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Get Prepped: Nanopore Library Preparation Optimization

Posted in: Genomics and Epigenetics
Library Prep

Nanopore is a relatively new sequencing platform and researchers are still trying to optimize the protocol for their own specific applications. In our lab, we work primarily with metagenomic samples and use the 1D sequencing kits. Over the past year, we have optimized this technique. To check the quality of the Nanopore library preparation we check between steps using Qubit and Nanodrop measurements. Nanopore library quality mostly depends on the individual researcher’s technical skills and pipetting technique. In this article, we discuss some pointers to perform a successful NGS library preparation for metagenomics sequencing on the MinION platform.

Use High-Quantity Starting Material

The recommended starting material for DNA sequencing is <1 ug. However, we have observed in our experiments that with a little higher quantity (around 1.5 times) of DNA, the final library concentration will be within the desired range. It is a well-known fact that higher the library concentration the better the sequencing result. We have observed the same with our own experiments. Nevertheless, it is not always easy to get high quality DNA in sufficient concentration. Pooling of samples, if possible, can be done totry and  improve the concentration. Alternatively, you can use PCR followed by purification of desired bands using gel extraction kits.

Use High-Quality Nucleic Acids

We recommend using a fluorometer to measure DNA/RNA concentrations as Nanodrop readings for concentration is not always reliable. However, the absorbance ratios at 260/280 and 260/230 measured in Nanodrop are very useful. The 260/280 ratio for DNA should always be in the range of 1.7 – 1.9. The closer it is to 1.8, the better the results. The 260/230 ratio should higher than 2.0. For RNA, the 260/280 ratio should be around 2.0 and the 260/230 ratio should be above 2.0. Read more about the strengths and limitations of your nanodrop.

If possible, the quality of DNA/RNA should also be measured using Bio-analyser/Tape station along with traditional methods. As there are no steps to check the quality once the library preparation starts, it is better to start with a high-quality sample rather than searching for issues in case of poor sequencing data. Real time PCR kits are available to check library prep quality but this adds to the cost and time of experiment.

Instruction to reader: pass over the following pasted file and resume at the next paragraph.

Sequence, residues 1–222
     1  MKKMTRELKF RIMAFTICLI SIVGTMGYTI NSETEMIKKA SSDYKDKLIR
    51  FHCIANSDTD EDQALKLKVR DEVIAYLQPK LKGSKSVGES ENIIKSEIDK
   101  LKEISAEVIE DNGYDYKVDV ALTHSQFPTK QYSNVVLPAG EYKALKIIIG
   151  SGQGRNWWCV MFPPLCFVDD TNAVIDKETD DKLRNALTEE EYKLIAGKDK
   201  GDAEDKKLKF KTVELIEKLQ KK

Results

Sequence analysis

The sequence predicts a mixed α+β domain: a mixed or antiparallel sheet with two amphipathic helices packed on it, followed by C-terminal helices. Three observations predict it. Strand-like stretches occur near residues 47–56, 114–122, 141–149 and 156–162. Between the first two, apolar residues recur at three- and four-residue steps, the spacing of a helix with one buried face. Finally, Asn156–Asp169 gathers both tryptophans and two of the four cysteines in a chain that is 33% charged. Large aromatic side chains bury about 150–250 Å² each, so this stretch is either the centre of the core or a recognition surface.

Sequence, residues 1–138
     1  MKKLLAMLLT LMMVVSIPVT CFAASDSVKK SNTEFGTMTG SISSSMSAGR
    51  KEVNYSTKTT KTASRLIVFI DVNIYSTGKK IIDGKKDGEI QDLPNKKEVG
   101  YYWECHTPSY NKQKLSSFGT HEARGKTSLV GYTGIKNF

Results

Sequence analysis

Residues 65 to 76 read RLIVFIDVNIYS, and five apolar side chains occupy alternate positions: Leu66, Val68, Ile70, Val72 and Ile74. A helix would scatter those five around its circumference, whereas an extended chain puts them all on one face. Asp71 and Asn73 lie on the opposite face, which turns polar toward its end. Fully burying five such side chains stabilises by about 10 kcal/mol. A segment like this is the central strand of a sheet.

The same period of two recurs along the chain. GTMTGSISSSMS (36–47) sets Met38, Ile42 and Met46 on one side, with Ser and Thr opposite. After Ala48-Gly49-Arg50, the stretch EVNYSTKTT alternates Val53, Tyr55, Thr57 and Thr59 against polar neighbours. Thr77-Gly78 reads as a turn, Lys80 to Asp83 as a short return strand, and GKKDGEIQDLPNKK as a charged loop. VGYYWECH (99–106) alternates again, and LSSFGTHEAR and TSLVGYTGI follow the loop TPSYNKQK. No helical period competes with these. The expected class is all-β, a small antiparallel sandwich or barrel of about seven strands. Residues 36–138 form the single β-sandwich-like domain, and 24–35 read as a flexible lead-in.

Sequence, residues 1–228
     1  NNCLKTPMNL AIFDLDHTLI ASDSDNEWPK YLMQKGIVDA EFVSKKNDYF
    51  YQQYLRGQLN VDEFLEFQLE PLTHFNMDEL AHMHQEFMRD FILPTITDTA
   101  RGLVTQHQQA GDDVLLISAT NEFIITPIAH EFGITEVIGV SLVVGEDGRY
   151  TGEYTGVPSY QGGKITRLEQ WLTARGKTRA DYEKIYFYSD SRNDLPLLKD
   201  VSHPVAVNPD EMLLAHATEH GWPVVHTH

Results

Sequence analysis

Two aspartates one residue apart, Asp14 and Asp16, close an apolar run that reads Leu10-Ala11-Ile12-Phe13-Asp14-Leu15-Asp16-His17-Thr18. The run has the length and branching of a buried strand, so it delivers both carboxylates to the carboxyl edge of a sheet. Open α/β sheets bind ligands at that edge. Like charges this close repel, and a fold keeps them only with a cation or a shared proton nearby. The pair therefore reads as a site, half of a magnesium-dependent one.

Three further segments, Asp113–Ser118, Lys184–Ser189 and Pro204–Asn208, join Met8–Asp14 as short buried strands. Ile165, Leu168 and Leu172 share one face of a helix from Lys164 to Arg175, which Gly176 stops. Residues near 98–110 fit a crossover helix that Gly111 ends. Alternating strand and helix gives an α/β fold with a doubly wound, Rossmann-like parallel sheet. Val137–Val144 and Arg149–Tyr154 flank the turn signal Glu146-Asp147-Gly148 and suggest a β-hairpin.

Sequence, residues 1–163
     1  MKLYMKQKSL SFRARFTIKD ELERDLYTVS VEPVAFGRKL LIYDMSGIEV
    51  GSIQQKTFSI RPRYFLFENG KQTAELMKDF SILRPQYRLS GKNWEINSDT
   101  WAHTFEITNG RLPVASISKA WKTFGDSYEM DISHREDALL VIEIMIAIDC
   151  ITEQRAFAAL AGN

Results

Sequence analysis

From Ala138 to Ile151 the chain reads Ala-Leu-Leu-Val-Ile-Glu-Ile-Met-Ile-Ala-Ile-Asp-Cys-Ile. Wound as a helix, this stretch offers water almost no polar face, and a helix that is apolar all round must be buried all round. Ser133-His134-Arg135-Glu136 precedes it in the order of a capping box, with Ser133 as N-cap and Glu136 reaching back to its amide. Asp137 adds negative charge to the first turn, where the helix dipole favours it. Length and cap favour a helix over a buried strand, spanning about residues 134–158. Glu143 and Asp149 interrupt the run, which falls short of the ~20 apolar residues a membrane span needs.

Consider the optimal DNA fragment size

The DNA fragment size also impacts the quality of the sequencing reads and we spent a lot of our time determining the optimal fragment size for Nanopore sequencing.

We found that the optimal size was between 3 Kb and 8 Kb. Fragments smaller than 1-2 Kb greatly reduced the overall sequencing quality, whereas higher molecular weight DNA fragments (10 Kb to 40 Kb which are common in manual DNA preparations) do not interfere with overall quality of data. Some Nanopore users have reported clogging of pores when using high molecular weight DNA and recommend the new flow cell wash kit to revive the clogged pores and prepare for the next run. Flow cell washing is recommended after every run and latest kit supposedly gives better yields when combined with a nuclease flush step.

The objective of Nanopore is long read sequencing but how long the reads should be (< 10 Kb or >10 Kb) is up to the scientist to decide depending on their individual experiment parameters. It should be noted that the overall fragment size distribution among all the samples in a single batch should be similar. Fragment length normalization and optimization will help to reduce the sequencing bias of heterogeneous samples. Steps should be taken to maintain a uniform fragment length distribution and should be normalized across samples. Fragment size also affects the efficiency of PCR barcoding steps. Longer fragments are difficult for PCR barcoding. End prep is another important step. Barcoding step affects the overall outcome of the sequencing. Insufficient barcoding leads to loss of valuable data.

Increase Your Incubation Times

We have observed that incubating the samples with beads for a longer duration gives better results. After mixing with the beads, we left the tubes idle for twice as long as suggested by the manufacturer’s protocol.

Use Fresh Beads

AMPure XP beads utilizes an optimized buffer to selectively bind DNA fragments 100 bp and larger to paramagnetic beads. Excess primers, nucleotides, salts, and enzymes can be removed using a simple washing procedure. Prepare fresh 70% ethanol each time to avoid dilution effect upon reuse due to the hygroscopic nature of 70% ethanol. We found that this simple step dramatically improves the bead utilization.